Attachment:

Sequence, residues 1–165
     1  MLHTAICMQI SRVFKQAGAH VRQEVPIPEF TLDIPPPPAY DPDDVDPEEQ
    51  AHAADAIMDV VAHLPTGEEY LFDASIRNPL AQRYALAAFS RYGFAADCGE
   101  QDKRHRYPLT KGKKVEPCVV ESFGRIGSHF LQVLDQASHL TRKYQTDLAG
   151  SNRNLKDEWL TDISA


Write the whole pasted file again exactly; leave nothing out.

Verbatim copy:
Sequence, residues 1–165
     1  MLHTAICMQI SRVFKQAGAH VRQEVPIPEF TLDIPPPPAY DPDDVDPEEQ
    51  AHAADAIMDV VAHLPTGEEY LFDASIRNPL AQRYALAAFS RYGFAADCGE
   101  QDKRHRYPLT KGKKVEPCVV ESFGRIGSHF LQVLDQASHL TRKYQTDLAG
   151  SNRNLKDEWL TDISA